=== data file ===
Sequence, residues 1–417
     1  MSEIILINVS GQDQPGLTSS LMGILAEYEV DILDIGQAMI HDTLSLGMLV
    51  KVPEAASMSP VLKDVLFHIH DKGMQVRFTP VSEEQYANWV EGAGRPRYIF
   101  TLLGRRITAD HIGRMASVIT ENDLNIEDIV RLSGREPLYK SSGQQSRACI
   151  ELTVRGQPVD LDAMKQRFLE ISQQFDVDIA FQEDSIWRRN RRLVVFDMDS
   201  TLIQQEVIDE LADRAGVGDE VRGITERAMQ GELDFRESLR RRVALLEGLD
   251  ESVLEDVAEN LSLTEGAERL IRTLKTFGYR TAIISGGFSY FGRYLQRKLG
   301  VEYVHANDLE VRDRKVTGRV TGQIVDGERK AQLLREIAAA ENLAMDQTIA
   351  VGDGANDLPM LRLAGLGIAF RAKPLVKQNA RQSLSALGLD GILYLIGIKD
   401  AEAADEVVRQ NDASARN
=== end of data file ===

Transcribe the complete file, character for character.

Sequence, residues 1–417
     1  MSEIILINVS GQDQPGLTSS LMGILAEYEV DILDIGQAMI HDTLSLGMLV
    51  KVPEAASMSP VLKDVLFHIH DKGMQVRFTP VSEEQYANWV EGAGRPRYIF
   101  TLLGRRITAD HIGRMASVIT ENDLNIEDIV RLSGREPLYK SSGQQSRACI
   151  ELTVRGQPVD LDAMKQRFLE ISQQFDVDIA FQEDSIWRRN RRLVVFDMDS
   201  TLIQQEVIDE LADRAGVGDE VRGITERAMQ GELDFRESLR RRVALLEGLD
   251  ESVLEDVAEN LSLTEGAERL IRTLKTFGYR TAIISGGFSY FGRYLQRKLG
   301  VEYVHANDLE VRDRKVTGRV TGQIVDGERK AQLLREIAAA ENLAMDQTIA
   351  VGDGANDLPM LRLAGLGIAF RAKPLVKQNA RQSLSALGLD GILYLIGIKD
   401  AEAADEVVRQ NDASARN